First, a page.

The price is listed as $30 but may be available over the internet for less.
• Rick Booth
Robert Clunie: Plein-Air Painter of the Sierra
While visiting Bishop last fall I stopped at the Coons Gallery located north of town. During the visit I purchased a copy of Coon's book "Robert Clunie - Plein-Air Painter of the Sierra". Although expensive - $85.00, it is a great book and well worth the cost. For those who have not heard of Clunie, he was a painter who specialized in paintings of the High Sierra. Clunie, who lived in Bishop, spent a portion of most every summer for about thirty years camped below the Palisades where he would paint. Unlike most other painters of the Sierra, Clunie actually got up into the high country and painted the mountains that usually only backpackers and mountain climbers see. Clunie passed away in the mid-1980's and his protege, Richard Coons, continues to paint out of the studio Clunie built in the 1940's. Many of Clunie's paintings can still be viewed at the studio. Anyway, it is a great book, full of many illustrations, that tells the story of a painter who passionately loved the Sierra and spent most of his life painting it. I don't think it is an exaggeration to say that what Ansel Adams was to photography in the Sierra, Clunie was to painting in the Sierra.
• George Sinclair
Editor’s Note: This is an email response from Paul Wilson in a thread on Sunglasses last week.
All one needs to do is make sure that the glasses you use meet ANSI Z87.1/CSA Z94.3 which blocks 99% UVA and 99% UVB. While I have not read these specs I understand that glasses that meet these specs have strict control on UVA/UVB/and visible spectrum. Further typical glasses quote that they meet ANSI Z80.3 for special purpose which is blocking of 99% UVA and 60% UVB. You get all this info from the box, which the glasses came in. If you do not find this info with the glasses, keep looking.
I read an article in the last few years that said that the cheapest sunglasses available had acceptable UV blocking but were not tested to meet the specs, thus they were cheaper. However just about any safety glasses will cost less that $20. For activities on snow or at altitude the light that comes in from the sides presents an additional hazard, so find glasses with side shields. Some safety glasses have them but I do not consider them adequate for climbing in winter without additional shielding. The pricey glacier glasses have the best side shields but, IMO, are unacceptable due to the close fit to the face and subsequent fogging which eventually require them to be removed. The glacier glasses are much darker (visible spectrum) than the typical safety glasses, which is good, and they might provide the high blockage of UV. Having said all this, I find that some safety glasses that meet the specs are too dark when hiking on a cloudy day or driving on a cloudy day. So dark glasses that meet the specs are available, Just look around.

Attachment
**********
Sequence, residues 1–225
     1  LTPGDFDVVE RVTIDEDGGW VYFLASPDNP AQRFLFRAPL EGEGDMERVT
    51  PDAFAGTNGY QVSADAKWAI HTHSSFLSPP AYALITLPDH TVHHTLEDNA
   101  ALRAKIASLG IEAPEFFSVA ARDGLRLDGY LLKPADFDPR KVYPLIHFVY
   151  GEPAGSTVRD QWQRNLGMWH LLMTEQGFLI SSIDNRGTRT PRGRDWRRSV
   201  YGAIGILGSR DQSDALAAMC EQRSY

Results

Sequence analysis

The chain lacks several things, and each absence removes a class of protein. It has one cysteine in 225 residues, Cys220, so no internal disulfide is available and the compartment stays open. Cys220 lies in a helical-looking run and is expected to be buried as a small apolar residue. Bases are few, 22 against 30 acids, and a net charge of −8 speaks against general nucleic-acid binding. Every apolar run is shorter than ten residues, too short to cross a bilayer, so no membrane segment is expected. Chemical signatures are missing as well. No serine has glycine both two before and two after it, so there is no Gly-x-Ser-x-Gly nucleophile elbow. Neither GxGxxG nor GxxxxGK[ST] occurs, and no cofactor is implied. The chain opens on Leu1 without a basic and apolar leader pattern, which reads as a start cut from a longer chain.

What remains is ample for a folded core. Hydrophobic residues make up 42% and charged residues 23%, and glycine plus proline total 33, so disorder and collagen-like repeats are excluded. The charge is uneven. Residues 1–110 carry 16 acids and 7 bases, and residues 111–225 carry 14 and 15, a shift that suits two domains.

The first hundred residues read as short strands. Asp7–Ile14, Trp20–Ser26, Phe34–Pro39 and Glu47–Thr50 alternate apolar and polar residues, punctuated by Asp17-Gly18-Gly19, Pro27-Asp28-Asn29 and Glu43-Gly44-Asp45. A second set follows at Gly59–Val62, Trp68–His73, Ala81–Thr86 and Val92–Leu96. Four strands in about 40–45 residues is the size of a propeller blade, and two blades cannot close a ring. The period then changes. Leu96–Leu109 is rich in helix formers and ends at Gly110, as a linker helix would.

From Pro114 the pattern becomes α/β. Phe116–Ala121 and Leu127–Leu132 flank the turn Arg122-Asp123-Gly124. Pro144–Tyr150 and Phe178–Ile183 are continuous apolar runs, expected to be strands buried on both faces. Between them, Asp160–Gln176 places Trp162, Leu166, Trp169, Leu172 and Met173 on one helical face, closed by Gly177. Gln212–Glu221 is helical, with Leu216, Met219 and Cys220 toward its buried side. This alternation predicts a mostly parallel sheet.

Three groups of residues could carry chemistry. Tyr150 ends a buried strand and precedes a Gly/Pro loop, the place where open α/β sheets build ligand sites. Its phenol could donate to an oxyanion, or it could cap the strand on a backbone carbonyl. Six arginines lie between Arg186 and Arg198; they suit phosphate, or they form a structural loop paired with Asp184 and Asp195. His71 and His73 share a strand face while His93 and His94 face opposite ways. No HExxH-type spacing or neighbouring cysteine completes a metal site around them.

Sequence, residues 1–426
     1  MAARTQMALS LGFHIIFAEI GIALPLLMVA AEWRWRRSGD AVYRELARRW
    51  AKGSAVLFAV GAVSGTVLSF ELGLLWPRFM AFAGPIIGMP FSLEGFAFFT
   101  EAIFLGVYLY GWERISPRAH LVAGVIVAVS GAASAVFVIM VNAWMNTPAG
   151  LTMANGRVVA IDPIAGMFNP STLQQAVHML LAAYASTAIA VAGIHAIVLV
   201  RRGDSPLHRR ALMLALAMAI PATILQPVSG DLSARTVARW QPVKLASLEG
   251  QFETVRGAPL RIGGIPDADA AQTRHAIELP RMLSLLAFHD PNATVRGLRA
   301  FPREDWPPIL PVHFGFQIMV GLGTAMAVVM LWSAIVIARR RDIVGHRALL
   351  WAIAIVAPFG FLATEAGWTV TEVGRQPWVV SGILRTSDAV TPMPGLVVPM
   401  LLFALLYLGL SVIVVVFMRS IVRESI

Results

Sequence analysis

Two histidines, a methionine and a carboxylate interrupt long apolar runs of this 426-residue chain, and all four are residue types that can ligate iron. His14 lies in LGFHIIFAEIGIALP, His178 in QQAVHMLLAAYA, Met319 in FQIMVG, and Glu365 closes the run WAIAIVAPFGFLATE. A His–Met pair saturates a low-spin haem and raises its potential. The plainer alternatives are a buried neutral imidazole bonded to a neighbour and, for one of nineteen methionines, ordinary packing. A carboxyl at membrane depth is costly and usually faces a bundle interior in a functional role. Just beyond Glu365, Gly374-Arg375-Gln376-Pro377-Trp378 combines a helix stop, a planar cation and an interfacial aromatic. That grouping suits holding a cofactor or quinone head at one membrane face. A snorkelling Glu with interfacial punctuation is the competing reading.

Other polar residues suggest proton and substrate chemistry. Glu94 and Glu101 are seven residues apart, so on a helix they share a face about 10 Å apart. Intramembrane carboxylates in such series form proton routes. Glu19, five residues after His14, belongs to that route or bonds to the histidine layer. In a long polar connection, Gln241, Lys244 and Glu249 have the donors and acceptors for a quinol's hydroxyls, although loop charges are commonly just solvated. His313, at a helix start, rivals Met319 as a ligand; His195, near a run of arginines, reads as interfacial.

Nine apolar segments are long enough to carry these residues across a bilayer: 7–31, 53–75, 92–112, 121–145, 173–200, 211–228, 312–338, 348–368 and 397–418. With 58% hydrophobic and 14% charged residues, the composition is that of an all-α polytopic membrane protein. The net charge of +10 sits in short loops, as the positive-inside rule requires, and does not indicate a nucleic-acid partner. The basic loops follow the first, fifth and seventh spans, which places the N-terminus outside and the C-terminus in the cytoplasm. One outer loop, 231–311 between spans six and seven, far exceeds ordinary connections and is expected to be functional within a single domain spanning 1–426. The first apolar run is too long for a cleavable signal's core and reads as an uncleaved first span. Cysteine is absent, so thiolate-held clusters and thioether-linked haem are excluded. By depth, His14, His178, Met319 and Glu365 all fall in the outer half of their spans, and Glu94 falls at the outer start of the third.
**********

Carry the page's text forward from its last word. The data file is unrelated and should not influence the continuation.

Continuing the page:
• Paul Wilson
Here's a summary of the discussion last week on expedition mitts. It's taken from the gear list, high altitude list and private emails. I haven't made a final decision as I haven't been able to get my mitts on the mittens, so to speak. I'm leaning toward the North Face, Ortovox and Granite Gear.
• Monty Smith
As far as I can tell, the choices are:
The comments below are arranged first by specific comments on brands, then by general comments on things to do to keep your hands warm.
Thanks to all who replied, and I hope this is as much use for you as it was for me!
* I was completely sold on North Face down mittens, and used them on Denali, Orizaba, and Logan. Their newer mittens now have a leather palm and use Primaloft or similar in the palms (instead of down). I haven't tried the new ones, but the old ones were definitely the way to go. Very warm. Very compactable. Very light.
* My OR mitts are big enough so that I can wear one layer of fluffy insulating mitt *inside* the double liners. I have never had to do that. And it was cold on Ojos at 4am
* The Mountain Hardware ones look really good but I haven't used them.
* I recommend against the OR Pros, which I found lacking on Aconcagua; also don't like the wrist cinch. I'll suggest either the Ortovox Anarcticas or what I now have, the Granite Gear Lutsen Mitts (www.granitegear.com<http://www.granitegear.com/> ).
* Take a look at Marmot's Expedition mitten made out of Prima Loft. They worked quite nicely on Denali for us.
* Black Diamond also makes a Goretex mitt with leather palm, and verylofty, removable Primaloft inner liner.
* I like the Marmot mitts but they are really pricey. The NF mitts have (in my opinion) a goofy thumb design that doesn't fit me well. Granite Gear makes a mitt that is similar to the OR mitt (I think). It's cut really nicely and is a decent price.